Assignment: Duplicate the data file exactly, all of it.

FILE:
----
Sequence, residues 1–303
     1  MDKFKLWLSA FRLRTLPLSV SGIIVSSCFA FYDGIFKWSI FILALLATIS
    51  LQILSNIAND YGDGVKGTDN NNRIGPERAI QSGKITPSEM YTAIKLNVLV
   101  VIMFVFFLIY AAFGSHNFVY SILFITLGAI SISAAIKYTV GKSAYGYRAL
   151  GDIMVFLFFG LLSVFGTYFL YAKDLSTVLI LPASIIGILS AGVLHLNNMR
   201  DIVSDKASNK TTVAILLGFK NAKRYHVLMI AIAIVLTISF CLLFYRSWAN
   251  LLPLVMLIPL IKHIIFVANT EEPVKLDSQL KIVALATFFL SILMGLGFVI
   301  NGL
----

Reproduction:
Sequence, residues 1–303
     1  MDKFKLWLSA FRLRTLPLSV SGIIVSSCFA FYDGIFKWSI FILALLATIS
    51  LQILSNIAND YGDGVKGTDN NNRIGPERAI QSGKITPSEM YTAIKLNVLV
   101  VIMFVFFLIY AAFGSHNFVY SILFITLGAI SISAAIKYTV GKSAYGYRAL
   151  GDIMVFLFFG LLSVFGTYFL YAKDLSTVLI LPASIIGILS AGVLHLNNMR
   201  DIVSDKASNK TTVAILLGFK NAKRYHVLMI AIAIVLTISF CLLFYRSWAN
   251  LLPLVMLIPL IKHIIFVANT EEPVKLDSQL KIVALATFFL SILMGLGFVI
   301  NGL